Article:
Arrange the numbers 1 to 16 into a 4 by 4 array. Choose a number. Cross out the numbers on the same row and column. Repeat this process. Add up you four numbers. Why do they always add up to 34?

A little bit of algebra explains this 'magic'. Ask a friend to pick 3 consecutive numbers and to tell you a multiple of 3. Then ask them to add the four numbers and multiply by 67, and to tell you. . . .

Find some triples of whole numbers a, b and c such that a^2 + b^2 + c^2 is a multiple of 4. Is it necessarily the case that a, b and c must all be even? If so, can you explain why?

In the following sum the letters A, B, C, D, E and F stand for six distinct digits. Find all the ways of replacing the letters with digits so that the arithmetic is correct.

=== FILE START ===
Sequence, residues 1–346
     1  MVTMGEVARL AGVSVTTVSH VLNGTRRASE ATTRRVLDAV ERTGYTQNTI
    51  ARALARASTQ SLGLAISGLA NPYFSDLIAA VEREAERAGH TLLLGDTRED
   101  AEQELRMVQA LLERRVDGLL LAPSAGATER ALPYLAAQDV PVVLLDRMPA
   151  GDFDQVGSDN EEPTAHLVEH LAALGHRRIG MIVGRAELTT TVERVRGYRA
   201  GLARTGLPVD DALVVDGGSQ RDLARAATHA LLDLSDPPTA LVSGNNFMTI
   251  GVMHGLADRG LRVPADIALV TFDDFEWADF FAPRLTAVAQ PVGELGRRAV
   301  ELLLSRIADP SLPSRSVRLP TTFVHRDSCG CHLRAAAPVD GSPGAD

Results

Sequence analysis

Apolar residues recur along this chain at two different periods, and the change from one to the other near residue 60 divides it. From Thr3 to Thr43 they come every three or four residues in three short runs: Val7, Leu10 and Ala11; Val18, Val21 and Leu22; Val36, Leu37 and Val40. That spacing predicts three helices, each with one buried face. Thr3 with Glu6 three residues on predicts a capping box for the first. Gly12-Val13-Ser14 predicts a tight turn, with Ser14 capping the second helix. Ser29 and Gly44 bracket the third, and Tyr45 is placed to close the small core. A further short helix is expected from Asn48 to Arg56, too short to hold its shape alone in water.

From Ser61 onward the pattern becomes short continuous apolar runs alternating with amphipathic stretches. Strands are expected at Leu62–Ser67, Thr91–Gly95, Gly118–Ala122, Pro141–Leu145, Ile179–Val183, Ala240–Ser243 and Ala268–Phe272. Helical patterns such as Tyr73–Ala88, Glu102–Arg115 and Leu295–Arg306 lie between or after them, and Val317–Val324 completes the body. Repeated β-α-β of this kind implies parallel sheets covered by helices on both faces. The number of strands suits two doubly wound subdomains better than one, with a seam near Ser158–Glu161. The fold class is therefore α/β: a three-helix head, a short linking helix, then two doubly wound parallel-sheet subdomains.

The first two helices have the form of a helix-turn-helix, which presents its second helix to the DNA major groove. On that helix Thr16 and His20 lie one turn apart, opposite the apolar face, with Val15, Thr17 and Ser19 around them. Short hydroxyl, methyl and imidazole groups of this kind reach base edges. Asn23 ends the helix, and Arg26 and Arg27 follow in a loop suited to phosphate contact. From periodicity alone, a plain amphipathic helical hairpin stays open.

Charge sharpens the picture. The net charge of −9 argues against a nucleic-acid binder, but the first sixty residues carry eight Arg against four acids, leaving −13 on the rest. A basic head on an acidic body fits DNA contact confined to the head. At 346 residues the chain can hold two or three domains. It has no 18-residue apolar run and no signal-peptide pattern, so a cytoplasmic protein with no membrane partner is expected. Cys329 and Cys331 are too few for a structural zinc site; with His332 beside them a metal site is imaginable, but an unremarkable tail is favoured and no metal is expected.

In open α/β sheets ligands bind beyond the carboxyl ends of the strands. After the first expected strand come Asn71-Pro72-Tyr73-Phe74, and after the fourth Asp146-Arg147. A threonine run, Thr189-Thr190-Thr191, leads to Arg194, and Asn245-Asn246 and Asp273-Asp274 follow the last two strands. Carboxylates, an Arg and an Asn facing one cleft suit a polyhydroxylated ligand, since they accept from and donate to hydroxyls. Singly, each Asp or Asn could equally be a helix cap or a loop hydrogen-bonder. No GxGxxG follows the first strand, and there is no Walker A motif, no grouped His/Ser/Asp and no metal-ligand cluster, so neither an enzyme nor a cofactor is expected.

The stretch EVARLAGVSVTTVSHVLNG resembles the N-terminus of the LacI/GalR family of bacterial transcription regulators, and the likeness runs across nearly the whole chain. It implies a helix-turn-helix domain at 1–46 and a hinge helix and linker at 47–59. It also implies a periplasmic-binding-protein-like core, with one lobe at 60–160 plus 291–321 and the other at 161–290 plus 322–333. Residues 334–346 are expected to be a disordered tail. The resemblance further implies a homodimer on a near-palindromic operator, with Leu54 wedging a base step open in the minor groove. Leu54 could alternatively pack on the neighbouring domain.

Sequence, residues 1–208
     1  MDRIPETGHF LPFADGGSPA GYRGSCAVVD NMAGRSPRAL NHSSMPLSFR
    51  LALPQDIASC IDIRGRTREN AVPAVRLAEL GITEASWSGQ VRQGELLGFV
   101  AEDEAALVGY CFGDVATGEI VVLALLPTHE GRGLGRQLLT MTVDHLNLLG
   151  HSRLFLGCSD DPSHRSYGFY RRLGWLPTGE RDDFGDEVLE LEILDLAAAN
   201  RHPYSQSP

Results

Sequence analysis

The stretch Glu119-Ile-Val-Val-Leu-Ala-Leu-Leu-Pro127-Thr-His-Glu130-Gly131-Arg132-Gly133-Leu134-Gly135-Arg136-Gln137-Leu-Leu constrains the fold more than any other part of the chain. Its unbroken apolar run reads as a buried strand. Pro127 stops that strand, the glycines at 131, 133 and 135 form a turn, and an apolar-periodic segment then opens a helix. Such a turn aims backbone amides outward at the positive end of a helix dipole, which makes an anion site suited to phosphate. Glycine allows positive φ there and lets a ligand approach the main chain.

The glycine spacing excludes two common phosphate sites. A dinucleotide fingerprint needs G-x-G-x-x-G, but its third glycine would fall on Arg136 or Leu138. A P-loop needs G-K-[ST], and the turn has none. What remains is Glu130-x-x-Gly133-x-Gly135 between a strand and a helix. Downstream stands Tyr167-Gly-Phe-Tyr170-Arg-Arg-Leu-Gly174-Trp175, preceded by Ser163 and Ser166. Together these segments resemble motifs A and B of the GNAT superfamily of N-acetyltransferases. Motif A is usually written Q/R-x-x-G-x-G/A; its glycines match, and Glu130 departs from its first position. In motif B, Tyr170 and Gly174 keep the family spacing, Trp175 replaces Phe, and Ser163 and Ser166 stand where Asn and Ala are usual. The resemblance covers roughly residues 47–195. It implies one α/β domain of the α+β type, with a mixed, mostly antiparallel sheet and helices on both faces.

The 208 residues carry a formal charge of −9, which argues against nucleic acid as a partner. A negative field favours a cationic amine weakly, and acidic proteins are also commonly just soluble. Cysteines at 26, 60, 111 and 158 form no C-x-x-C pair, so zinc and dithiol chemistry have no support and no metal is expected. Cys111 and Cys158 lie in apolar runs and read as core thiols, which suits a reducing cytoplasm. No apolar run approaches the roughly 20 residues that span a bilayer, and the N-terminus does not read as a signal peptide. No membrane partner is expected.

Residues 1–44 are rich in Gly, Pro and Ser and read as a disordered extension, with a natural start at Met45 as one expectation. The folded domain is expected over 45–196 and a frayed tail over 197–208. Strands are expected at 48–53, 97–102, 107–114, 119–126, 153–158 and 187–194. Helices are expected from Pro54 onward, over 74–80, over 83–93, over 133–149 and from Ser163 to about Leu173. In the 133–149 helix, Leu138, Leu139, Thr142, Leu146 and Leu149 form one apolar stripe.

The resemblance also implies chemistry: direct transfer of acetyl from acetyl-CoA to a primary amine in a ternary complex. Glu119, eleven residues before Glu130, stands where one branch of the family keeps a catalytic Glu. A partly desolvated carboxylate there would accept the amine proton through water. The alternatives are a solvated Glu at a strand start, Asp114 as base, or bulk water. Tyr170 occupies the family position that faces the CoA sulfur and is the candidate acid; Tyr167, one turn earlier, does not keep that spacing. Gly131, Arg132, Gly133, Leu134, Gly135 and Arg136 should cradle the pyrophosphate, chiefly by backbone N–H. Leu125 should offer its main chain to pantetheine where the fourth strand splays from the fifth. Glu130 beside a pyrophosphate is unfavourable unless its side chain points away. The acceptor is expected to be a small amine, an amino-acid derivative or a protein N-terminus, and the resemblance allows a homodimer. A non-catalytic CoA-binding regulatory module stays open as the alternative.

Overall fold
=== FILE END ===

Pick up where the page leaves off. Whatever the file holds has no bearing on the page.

Pick a square within a multiplication square and add the numbers on each diagonal. What do you notice?

The Tower of Hanoi is an ancient mathematical challenge. Working on the building blocks may help you to explain the patterns you notice.

Write down a three-digit number Change the order of the digits to get a different number Find the difference between the two three digit numbers Follow the rest of the instructions then try. . . .

Take any pair of two digit numbers x=ab and y=cd where, without loss of generality, ab > cd . Form two 4 digit numbers r=abcd and s=cdab and calculate: {r^2 - s^2} /{x^2 - y^2}.

Here are three 'tricks' to amaze your friends. But the really clever trick is explaining to them why these 'tricks' are maths not magic. Like all good magicians, you should practice by trying. . . .

Show that if you add 1 to the product of four consecutive numbers the answer is ALWAYS a perfect square.